The world’s best tool for planning and sharing bike routes online celebrates their 15th birthday this week. And yes, I am biased because the company that makes this tool — Ride With GPS — is based right here in Portland.
After I first met the co-founders of the company, wide-eyed Oregon State students Zach Ham and Cullen King, at the Oregon Bike Summit in 2010, I had a strong feeling they’d go on to do something great. Since posting the very first route on November 14th, 2007, Ride With GPS has evolved and improved their offerings and is now a dominant player in the crowded field of online route planning.
One reason Ride With GPS is still alive and well is because they consistently add new, useful features. Check out the images below for a before and after. Note how they’ve added detail and capability in the current version, yet the interface is still clean and accessible.
As a user myself, I can vouch that it’s so full of cool features and is so simple to use, it actually inspires me to explore. There have been so many times when I plopped down into a new city and used the route search feature to find good bike routes near my hotel or house rental. I used Ride With GPS to map out all my Cycle Exploregon adventures and have saved many of my favorite routes on the BikePortland ambassador page. One of my favorite features are the turn-by-turn directions I can get on my phone. Hearing that voice while out on a big adventure ride in unknown territory is often such a huge comfort.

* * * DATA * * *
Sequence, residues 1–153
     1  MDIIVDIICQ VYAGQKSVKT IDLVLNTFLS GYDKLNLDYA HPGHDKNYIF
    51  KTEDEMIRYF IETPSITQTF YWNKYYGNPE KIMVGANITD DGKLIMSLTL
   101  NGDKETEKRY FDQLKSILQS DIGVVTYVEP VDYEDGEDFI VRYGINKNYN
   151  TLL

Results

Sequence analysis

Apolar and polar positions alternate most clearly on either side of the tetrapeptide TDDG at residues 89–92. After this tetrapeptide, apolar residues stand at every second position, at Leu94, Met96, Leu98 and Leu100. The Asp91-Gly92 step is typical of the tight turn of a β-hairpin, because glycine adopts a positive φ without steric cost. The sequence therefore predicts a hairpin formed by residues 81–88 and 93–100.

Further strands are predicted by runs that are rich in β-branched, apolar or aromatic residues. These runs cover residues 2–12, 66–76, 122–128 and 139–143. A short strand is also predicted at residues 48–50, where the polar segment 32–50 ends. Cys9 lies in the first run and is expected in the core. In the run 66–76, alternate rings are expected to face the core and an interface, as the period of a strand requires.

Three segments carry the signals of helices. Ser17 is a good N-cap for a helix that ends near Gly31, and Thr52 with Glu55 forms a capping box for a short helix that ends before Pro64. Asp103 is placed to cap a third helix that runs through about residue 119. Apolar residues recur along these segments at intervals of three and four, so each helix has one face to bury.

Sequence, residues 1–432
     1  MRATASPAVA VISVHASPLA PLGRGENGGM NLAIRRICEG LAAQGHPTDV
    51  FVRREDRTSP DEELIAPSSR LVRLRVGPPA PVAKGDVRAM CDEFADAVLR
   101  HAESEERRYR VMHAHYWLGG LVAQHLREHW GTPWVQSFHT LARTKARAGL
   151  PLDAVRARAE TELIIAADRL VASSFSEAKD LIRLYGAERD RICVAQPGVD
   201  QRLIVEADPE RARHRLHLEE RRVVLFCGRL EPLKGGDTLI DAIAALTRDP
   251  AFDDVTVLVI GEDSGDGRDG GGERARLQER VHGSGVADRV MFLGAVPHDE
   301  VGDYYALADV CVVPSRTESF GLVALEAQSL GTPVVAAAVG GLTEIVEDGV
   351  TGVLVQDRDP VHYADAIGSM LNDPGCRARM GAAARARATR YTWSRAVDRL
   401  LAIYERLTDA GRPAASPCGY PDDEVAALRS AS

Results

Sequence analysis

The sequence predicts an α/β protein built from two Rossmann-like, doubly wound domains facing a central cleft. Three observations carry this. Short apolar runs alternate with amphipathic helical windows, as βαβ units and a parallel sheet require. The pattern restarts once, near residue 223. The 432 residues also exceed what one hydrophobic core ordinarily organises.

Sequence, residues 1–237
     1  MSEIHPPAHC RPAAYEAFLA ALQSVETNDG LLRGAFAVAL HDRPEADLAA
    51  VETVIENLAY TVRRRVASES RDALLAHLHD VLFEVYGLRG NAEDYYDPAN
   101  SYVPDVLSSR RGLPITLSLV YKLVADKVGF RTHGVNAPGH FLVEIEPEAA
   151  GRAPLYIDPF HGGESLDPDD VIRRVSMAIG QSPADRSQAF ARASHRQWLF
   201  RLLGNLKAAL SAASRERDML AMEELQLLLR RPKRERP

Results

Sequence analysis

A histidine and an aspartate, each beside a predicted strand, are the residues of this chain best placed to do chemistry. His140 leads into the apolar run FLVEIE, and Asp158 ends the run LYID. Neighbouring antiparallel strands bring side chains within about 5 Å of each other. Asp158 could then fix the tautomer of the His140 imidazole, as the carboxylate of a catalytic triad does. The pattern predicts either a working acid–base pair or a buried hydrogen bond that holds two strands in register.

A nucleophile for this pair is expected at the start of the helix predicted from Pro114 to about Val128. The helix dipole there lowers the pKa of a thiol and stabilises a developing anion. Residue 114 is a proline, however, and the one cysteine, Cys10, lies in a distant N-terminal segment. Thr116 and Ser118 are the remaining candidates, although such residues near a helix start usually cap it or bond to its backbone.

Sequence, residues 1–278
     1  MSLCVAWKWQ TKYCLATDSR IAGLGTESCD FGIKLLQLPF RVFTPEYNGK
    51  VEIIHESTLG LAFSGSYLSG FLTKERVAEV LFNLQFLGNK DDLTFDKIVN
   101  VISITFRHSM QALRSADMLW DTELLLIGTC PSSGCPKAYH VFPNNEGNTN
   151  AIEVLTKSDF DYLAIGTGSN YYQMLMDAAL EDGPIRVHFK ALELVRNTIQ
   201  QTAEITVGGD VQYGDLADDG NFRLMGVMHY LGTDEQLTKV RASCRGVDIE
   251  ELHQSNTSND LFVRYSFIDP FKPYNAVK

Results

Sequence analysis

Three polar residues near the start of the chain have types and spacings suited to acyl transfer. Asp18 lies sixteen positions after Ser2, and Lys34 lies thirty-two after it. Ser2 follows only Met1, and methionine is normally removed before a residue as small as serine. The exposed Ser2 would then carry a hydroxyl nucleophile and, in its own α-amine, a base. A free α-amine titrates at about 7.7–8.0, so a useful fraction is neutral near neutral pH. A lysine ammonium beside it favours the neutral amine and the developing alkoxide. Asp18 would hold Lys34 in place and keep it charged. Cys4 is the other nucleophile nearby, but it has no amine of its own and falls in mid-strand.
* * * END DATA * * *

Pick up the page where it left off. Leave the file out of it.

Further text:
To celebrate their birthday, Ride With GPS is giving away one-year subscriptions to their Premium service offering. All you’ve got to do is follow them on Instagram and answer a trivia question. If you’re a fellow route-planning nerd, don’t miss this recent post on their website to learn more about how this product has evolved over the years.
Happy Birthday and a huge “thank you!” to the entire RWGPS team. Your product has given us so much joy over the years and we are proud to have you in Portland!
I love ride with GPS and have used them quite a bit over the past 4-5 years. This past year I had an increase in rides where the tracking was off which results in a a straight line being mapped from where the tracking stopped to where it resumes and in ainterpolated speed. This gives me a top speed of 70 mph or so! Kind of fun, but I prefer the more accurate recording. Anyone else have this issue? Is than app issue or a phone issue? THese are routes that were previously fully recorded.
I was about to ask the same thing. This is happening on 10-20% of the rides I track now. It’s not just you!
Didn’t know it was a PDX company… looks like I have one more reason to finally migrate over from Komoot.